Individuals with mutated genes defy genetically caused diseases that should have resulted.
It has always been assumed that if a child inherits a certain mutated gene from its parents, the child will most certainly suffer from the genetic defect that accompanies the mutated gene, but new research on healthy children is finding there are some who are apparently immune, according to usnews.com.
But not many. Researchers poured over data from almost 600,000 individuals to find only 13 who should have suffered from childhood diseases because of their inherited genetics, but for some reason, did not develop the conditions. But those 13 have the scientific community excited, as the research into why this happened could lead to breakthroughs in preventing the diseases in those who may not be as lucky as these individuals.
Dr. Stephen Friend, a researcher and president of Sage Bionetworks, a nonprofit biomedical research organization in Seattle, said in order to develop ways of preventing disease, you must look not only at finding the cause of the disease, but also at ways of preventing the disease in the first place. Friend added you study the healthy people as well as the sick people, and in doing so, you can gain insight.
Friend and his fellow researchers focused their research on Mendelian disorders, which are genetic diseases usually caused by a mutated gene passed from parent to child, and normally surface in childhood. These type genes are considered penetrant, meaning anyone that has the mutated gene will contract the disease the gene causes.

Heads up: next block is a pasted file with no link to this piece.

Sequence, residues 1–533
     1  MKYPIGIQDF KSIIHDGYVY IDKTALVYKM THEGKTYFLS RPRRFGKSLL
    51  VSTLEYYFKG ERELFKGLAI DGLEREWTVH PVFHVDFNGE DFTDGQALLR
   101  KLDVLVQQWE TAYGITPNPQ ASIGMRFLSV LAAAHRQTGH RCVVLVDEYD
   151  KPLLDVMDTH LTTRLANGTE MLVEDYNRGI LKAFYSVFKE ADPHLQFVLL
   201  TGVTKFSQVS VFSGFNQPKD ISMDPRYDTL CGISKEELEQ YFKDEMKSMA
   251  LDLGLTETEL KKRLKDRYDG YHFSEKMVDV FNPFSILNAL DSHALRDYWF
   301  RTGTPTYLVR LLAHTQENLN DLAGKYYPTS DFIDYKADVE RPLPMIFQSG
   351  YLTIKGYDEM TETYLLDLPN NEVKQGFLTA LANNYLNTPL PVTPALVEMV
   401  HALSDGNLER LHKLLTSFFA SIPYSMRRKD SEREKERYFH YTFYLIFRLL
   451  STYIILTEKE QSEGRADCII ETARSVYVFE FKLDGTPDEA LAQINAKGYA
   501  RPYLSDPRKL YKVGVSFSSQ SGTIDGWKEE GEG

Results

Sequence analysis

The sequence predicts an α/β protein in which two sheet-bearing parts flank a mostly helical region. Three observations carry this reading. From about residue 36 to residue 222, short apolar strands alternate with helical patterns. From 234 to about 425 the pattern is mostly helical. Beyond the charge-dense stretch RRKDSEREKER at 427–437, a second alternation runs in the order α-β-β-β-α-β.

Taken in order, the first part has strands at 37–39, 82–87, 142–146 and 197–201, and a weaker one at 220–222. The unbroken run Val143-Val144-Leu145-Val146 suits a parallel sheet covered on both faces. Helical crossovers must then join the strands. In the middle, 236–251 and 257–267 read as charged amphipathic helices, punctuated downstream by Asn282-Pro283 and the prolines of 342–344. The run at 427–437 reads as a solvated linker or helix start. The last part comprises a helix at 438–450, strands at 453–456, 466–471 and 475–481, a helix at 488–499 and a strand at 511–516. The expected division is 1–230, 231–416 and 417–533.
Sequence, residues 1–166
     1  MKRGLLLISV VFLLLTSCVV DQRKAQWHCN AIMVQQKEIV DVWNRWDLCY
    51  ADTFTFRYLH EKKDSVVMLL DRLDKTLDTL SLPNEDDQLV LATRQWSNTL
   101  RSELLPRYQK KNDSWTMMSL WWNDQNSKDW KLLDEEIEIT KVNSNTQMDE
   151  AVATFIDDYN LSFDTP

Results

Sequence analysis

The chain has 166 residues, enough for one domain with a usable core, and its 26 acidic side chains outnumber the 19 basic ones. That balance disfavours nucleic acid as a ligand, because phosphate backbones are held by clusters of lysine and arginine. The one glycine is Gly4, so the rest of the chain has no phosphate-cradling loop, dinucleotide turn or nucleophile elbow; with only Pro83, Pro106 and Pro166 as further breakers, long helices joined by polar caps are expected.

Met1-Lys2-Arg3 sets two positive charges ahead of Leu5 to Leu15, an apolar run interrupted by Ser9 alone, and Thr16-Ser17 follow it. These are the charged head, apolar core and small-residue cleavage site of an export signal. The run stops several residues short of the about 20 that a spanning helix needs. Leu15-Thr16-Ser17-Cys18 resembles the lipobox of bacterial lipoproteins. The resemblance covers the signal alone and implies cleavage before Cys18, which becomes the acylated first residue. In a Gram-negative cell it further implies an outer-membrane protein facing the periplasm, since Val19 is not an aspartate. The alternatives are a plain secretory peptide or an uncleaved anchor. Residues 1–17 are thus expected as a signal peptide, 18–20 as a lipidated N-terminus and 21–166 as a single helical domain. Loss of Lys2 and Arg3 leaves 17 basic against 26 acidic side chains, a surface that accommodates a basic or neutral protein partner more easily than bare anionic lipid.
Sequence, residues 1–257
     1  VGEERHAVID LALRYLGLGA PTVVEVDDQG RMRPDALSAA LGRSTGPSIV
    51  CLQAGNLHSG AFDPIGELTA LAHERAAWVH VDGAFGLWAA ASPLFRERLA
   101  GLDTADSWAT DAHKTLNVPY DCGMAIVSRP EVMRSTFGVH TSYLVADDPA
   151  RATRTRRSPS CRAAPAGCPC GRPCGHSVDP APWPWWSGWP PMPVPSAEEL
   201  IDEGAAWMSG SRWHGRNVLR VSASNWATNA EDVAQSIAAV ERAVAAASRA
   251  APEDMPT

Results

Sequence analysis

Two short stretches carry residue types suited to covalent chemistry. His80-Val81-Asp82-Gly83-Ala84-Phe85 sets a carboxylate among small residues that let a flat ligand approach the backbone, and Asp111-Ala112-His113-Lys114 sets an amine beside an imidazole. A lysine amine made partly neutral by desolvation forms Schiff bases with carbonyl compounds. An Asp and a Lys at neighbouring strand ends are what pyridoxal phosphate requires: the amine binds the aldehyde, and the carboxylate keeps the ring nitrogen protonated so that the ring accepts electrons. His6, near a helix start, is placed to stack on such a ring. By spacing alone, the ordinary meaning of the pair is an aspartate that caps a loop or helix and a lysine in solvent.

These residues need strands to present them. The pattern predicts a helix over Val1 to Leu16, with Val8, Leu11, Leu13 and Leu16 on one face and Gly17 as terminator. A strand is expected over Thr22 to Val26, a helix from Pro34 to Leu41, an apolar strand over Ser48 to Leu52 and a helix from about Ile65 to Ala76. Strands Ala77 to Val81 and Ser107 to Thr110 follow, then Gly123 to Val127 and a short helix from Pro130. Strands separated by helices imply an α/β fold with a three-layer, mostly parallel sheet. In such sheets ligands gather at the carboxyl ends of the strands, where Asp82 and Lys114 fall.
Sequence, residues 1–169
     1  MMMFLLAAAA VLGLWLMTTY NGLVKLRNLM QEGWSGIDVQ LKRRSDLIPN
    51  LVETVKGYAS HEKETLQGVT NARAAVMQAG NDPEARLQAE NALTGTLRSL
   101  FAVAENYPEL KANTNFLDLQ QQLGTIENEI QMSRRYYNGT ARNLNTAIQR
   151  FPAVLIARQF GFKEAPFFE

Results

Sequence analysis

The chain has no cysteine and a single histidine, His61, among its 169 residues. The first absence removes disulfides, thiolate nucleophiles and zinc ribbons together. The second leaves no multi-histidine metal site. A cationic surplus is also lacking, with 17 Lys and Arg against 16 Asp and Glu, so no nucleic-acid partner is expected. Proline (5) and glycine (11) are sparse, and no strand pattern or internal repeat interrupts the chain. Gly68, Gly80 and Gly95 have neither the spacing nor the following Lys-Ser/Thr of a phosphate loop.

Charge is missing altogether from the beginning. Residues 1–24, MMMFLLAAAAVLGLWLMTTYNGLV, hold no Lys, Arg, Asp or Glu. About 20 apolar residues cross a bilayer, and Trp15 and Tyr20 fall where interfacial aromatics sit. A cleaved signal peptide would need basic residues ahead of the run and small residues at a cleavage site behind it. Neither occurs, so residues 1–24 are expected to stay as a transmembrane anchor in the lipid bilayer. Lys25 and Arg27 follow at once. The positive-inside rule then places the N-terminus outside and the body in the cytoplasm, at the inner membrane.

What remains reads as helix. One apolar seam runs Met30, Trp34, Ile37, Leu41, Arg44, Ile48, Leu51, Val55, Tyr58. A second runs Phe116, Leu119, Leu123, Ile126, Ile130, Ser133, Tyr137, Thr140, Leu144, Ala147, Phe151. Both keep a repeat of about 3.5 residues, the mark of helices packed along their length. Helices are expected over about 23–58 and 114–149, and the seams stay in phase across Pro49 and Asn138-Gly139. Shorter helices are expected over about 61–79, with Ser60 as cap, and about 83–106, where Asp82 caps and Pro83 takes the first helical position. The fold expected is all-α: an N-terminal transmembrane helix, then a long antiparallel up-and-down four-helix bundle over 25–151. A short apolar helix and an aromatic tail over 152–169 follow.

This new research wanted to look at healthy people, to see if any had disease-causing mutations, but weren’t affected by them. The team scoured through the records of dozens of other research projects that had completed genetic testing, looking for one of 874 identified genes linked to 125 Mendelian disorders.
Thirteen individuals were found, who appear to be free of the diseases their mutations should have caused, including such diseases as cystic fibrosis, and other often fatal maladies.
Privacy regulations prevent the team from contacting the 13 individuals for further study, since their consent for testing forms include a clause that forbids contact by researchers. More research may have been able to allow the scientists to determine why these particular subjects were resistant to these diseases.
Friend said it was like unwrapping the box, but not being able to open the box to see what was inside.
Findings from the research were published in the journal Nature Biotechnology.